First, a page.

More evidence that the criminal justice system is too lenient

The big local news in the Washington, D.C. area is the capture of Daron Wint and his arrest for the murder of Savvas Savopoulos, his wife and 10 year-old child, and his housekeeper, Veralicia Figueroa. According to reports, Wint worked for the company Savopoulos owned and operated.

The case against Wint appears to be extremely strong. Therefore, for purposes of this post, I will assume he committed the crimes.

Wint has an extensive criminal history in two states, which includes domestic violence, assault, and burglary. In Maryland, to cite a few examples, he was convicted of assaulting his girl friend in 2009. The next year, he pleaded guilty to malicious destruction of property after allegedly threatening to kill a woman and her infant daughter, breaking into the woman’s apartment, stealing a television, and vandalizing her car.

Wint also has three assault convictions in upstate New York that date back to 2007. He served time for each conviction. And there is an outstanding arrest warrant against him for criminal contempt for violating an order of protection in a case that involved a former girlfriend in Oswego.

We are told that our criminal justice system is needlessly and heartlessly jailing young Black men. Daron Wint is a young black man who, given his extensive record of violence, should have been in jail.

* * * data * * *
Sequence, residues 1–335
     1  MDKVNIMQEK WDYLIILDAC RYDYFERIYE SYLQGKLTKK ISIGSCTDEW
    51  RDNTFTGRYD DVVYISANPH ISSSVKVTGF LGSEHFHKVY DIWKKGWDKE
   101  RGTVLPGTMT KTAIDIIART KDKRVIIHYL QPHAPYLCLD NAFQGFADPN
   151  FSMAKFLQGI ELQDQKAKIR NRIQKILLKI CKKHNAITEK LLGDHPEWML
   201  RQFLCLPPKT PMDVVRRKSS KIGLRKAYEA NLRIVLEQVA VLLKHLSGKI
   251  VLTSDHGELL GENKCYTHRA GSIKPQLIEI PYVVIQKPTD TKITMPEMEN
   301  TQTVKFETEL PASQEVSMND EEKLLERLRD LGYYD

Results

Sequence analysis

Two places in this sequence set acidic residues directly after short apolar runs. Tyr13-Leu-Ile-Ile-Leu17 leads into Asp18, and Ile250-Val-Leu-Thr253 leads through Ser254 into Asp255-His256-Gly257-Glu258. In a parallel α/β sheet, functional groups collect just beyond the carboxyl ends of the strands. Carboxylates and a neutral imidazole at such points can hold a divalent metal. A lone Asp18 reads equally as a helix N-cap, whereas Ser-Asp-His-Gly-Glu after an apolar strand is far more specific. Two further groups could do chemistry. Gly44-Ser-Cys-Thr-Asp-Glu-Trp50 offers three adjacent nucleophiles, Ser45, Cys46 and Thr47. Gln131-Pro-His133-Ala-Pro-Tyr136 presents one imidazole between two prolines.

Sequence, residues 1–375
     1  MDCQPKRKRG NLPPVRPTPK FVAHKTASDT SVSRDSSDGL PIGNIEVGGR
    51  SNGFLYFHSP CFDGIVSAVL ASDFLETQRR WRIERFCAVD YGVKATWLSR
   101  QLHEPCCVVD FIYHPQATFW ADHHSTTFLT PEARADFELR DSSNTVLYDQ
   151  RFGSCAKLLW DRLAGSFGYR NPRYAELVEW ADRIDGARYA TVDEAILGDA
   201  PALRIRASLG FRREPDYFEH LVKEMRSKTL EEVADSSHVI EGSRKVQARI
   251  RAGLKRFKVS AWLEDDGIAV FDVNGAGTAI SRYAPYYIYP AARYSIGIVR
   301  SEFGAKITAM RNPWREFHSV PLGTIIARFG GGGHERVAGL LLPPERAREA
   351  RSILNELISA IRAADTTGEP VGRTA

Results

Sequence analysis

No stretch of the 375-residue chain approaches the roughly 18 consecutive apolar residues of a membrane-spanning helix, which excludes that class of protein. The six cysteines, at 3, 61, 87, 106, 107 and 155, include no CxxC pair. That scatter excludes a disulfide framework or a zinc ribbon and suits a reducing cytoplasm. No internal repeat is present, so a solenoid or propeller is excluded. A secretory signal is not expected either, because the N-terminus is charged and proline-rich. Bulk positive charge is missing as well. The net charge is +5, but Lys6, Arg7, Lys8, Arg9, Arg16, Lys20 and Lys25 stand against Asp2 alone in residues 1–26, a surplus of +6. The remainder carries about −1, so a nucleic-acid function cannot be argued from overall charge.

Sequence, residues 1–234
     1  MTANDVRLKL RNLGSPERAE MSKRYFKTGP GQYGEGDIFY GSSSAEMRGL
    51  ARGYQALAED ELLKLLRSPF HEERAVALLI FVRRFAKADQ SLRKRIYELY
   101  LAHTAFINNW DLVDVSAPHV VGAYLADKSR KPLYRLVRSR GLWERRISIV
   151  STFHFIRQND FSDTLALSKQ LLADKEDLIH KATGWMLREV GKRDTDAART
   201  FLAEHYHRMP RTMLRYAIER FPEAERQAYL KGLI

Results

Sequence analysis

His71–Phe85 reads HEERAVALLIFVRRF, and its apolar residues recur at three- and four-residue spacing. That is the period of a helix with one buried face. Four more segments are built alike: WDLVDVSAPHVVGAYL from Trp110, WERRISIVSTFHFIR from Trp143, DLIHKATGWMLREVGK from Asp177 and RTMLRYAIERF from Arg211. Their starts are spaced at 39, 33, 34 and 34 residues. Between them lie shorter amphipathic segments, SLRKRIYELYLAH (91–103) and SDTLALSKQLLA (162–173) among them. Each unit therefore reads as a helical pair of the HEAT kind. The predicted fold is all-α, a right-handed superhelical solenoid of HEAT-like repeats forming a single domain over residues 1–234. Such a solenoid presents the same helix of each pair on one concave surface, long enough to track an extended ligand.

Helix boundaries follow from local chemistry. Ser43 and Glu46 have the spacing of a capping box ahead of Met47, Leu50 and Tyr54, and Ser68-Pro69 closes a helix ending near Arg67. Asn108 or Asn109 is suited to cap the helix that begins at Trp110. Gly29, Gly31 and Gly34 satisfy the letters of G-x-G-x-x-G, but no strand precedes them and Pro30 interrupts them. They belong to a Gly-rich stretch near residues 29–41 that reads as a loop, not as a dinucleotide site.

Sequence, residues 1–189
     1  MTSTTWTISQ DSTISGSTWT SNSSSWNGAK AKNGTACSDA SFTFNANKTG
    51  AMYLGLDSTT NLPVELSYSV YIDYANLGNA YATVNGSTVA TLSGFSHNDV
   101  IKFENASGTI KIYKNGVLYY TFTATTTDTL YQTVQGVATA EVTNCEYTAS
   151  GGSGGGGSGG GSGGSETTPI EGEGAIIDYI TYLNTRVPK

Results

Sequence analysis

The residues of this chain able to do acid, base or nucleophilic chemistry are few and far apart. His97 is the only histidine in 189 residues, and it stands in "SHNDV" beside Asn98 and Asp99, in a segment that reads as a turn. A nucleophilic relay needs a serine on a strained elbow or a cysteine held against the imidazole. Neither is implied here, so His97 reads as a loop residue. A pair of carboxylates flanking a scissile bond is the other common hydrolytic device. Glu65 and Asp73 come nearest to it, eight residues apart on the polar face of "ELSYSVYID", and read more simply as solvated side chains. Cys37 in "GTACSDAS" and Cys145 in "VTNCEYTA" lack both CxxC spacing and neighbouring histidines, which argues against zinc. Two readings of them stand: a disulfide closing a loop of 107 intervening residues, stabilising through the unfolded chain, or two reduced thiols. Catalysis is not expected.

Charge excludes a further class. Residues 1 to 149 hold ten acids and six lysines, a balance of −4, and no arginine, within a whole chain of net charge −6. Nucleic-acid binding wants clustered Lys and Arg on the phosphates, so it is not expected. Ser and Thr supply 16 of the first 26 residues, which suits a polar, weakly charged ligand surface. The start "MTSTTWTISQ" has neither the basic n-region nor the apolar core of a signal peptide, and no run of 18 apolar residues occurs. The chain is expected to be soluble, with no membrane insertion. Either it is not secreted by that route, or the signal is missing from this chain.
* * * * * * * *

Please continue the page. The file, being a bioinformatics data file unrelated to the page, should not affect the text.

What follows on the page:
The same is true of Demetrius Blackwell, who killed New York City police officer Brian Moore, and of Aaron Alexis, the Navy Yard mass murderer.

We are also told that employers should be willing to hire young black men with criminal records. In fact, the Obama administration, via the EEOC, is suing employers for using criminal convictions to screen black job applicants. The government claims that, somehow, this screening (which it uses) can amount to racial discrimination even if applied race-neutrally.

However, Savvas Savopoulous, his family, and his housekeeper would almost certainly be alive today if, based on a criminal background check, his company had quietly passed over Daron Wint.